The paradox of effort, finding the reason to change your life

The paradox of effort, finding the reason to change your life

Do you know where the motivation to improve your life comes from? Are you aware of what encourages you to push yourself further, to do your best, and to change things?

While we all want to grow, hone our skills and build a better world, the truth is, we don't always do that. We don't always choose the best opportunity, do what's best for us or take the best path, even if we know what it is.

Sometimes we just let that part of our brain win that wants to save cognitive resources. That part of us that feels safe in the comfort zone. Let laziness win the game. We settle into inertia and make room for procrastination.

Overcoming daily apathy is not easy. We all know that it is much easier to throw yourself on the couch after a day of work than to go to the gym or run, although we also know that exercise is good for you.

However, there are times when a life event precipitates everything, shakes off our laziness and gives us the strength we need to make big changes in our life. The paradox is that, although many times these vital events require a good deal of effort and dedication, instead of taking away the energy they give us an extra boost.

This is why many people can get the best of themselves when they become parents, are entrusted with a challenging career project, or break up a relationship that has lasted for years. The explanation for what is known as the "effort paradox" lies in the activation cost, as Scott H. Young explains.

Do you know your activation fee?

In everyday life, it is easier to live with autopilot on. We let ourselves be carried away by inertia, letting conflicting habits determine the flow of our life. In this way we avoid making decisions continuously and save physical and cognitive resources.

But once you get into that automatic flow, it's very difficult to get out of it.

This is why many people, even if obese, continue to eat calorie foods and continually postpone the diet. This is also the reason why many people maintain toxic relationships that, in a sense, exist in a precarious balance. And it is always for this reason that we remain trapped in a job that does not satisfy us, but gives us security.

Changing the flow of events and breaking the routine has what we might call an "activation cost". Any personal growth path has to pay that toll. The activation cost is the amount of energy we must use to change certain habits and introduce transformations into our environment.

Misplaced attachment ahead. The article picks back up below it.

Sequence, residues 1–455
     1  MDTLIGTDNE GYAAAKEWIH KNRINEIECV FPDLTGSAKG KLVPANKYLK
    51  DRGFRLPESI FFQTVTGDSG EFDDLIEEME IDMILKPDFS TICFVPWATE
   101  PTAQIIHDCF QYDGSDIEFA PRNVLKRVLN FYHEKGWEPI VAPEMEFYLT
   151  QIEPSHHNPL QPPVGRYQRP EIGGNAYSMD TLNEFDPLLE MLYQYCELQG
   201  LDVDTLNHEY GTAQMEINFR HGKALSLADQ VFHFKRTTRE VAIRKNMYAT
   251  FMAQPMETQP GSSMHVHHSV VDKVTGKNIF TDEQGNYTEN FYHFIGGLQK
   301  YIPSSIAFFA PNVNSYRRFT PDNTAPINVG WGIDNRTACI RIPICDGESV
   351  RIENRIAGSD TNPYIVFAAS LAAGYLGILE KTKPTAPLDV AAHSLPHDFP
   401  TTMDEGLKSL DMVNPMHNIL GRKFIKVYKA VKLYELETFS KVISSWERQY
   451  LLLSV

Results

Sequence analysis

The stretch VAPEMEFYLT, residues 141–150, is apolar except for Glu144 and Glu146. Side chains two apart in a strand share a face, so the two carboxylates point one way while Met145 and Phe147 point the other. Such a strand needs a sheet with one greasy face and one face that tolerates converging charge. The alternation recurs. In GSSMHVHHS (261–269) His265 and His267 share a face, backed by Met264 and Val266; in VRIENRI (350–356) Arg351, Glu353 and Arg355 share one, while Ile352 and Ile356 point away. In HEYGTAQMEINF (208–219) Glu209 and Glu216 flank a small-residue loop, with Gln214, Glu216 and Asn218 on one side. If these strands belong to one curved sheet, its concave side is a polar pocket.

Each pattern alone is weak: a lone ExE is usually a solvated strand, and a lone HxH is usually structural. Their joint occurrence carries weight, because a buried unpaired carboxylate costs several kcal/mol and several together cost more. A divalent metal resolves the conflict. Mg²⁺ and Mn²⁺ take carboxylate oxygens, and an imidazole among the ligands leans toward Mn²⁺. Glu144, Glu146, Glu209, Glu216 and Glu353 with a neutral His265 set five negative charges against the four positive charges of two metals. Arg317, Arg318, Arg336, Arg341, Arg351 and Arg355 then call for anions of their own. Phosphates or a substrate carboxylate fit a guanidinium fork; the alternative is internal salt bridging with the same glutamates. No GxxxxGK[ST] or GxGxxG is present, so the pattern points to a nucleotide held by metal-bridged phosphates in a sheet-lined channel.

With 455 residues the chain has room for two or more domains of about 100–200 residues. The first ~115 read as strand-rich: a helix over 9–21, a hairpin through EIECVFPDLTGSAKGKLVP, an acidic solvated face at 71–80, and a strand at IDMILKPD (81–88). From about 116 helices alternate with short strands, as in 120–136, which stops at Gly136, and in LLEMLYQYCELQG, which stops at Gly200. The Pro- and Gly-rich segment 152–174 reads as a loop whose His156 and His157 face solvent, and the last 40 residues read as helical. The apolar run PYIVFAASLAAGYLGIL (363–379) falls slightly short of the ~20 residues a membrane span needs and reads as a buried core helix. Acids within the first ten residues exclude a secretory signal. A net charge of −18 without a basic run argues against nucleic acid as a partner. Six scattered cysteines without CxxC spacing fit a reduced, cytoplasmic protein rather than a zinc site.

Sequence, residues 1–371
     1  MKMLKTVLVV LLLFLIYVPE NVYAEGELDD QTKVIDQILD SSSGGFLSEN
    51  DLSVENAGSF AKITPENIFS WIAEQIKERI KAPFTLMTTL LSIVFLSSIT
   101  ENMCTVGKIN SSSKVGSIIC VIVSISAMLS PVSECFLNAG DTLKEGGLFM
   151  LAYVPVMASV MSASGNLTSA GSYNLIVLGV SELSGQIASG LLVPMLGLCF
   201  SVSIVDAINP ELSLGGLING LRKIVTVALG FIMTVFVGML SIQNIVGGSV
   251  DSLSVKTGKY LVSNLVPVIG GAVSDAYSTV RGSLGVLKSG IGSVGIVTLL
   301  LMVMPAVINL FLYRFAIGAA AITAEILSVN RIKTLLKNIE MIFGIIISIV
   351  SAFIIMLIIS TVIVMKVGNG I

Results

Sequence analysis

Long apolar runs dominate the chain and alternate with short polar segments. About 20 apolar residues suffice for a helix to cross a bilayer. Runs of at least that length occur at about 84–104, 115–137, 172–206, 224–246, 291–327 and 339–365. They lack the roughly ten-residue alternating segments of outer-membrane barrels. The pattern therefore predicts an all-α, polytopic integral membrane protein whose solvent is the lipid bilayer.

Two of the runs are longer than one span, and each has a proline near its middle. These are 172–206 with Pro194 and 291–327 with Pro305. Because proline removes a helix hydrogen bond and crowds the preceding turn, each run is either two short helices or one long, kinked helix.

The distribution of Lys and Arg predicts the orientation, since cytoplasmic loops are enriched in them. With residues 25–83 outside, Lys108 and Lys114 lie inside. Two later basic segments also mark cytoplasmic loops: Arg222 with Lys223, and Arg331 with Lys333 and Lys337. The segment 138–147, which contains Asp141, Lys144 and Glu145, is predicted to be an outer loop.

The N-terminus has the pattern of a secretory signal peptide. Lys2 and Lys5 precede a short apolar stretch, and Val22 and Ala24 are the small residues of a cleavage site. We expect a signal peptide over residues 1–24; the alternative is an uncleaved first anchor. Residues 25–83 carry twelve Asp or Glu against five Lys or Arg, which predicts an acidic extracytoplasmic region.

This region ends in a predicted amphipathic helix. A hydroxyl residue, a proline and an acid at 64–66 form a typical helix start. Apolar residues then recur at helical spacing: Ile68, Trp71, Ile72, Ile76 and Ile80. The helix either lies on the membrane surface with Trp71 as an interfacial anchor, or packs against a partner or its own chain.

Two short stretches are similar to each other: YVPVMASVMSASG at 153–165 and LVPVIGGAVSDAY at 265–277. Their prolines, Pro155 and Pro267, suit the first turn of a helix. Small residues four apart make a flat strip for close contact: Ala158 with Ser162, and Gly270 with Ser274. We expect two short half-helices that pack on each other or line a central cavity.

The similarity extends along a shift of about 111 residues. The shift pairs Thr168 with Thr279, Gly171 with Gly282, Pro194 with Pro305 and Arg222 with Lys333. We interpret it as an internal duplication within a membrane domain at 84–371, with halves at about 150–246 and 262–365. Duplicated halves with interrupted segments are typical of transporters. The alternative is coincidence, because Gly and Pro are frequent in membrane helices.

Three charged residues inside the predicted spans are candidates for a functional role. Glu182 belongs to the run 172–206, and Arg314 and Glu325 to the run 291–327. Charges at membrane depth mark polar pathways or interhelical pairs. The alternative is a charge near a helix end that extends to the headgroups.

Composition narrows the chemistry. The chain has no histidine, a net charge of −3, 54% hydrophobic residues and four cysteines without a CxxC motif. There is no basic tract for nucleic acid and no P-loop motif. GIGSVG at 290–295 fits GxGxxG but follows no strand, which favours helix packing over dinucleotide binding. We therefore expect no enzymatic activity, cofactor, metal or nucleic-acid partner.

The interesting thing is that, once the activation cost is assumed, it is as if we have free rein to continue with the changes that previously seemed too difficult or expensive. A new challenge that forces us to get out of the routine often becomes the trigger for other positive changes.

When we have a goal that really motivates us, the enthusiasm spreads to other areas of life and, in a way, reduces activation costs. So it is not unusual for a big change to be followed by other transformations in different areas of life.

Basically, once we get going and have passed a certain threshold of effort, everything else becomes easier and even natural. This is why a person who decides to start running often also begins to eat healthier and is more concerned about their psychological well-being. One change leads to another.

Effort as a motivation in itself

“There is nothing in the world that is worth having or doing unless it means fatigue, pain, difficulty… Never in my life have I envied a human being who had an easy life. I have envied many people who have had difficult lives and have done well, ”wrote Theodore Roosevelt in 1910.

Roosevelt was no masochist, he knew that effort itself is a powerful motivator, arguably the most powerful of all that drive our behavior. In fact, psychologists at the University of Toronto explain that although we usually associate effort with reward and seek rewards to reward ourselves for the effort made, in reality the effort itself is also a value and a reward.

Effort adds value to what we get, but it also has a value in itself that we shouldn't underestimate because it is a powerful agent that stimulates behavior. In fact, some results can be much more rewarding for the effort invested in them. In other words, we are not as satisfied with what we have achieved as with the effort made. We understand that what really matters is not reaching the goal but growing along the way.

This means that when we want to make big changes in life but feel trapped in routine and laziness, we need to find the motivation that is worth fighting for and allows us to overcome the cost of activation. This motivation is obviously personal. The good news is that once we are up and running, it will be easier to keep changing.

But there is a "trap" that we need to be aware of. Many of the things we need to do to grow, improve our interpersonal relationships, or achieve a meaningful life are simply not motivating enough in and of themselves and the cost of activation is too high.

To get around that trap we have to find the sole motivation to do everything else, a motivation that forces us to take things seriously and is significant enough to give us the energy we need. There are no shortcuts, everyone has to find their own reason because what motivates one may be irrelevant to another.

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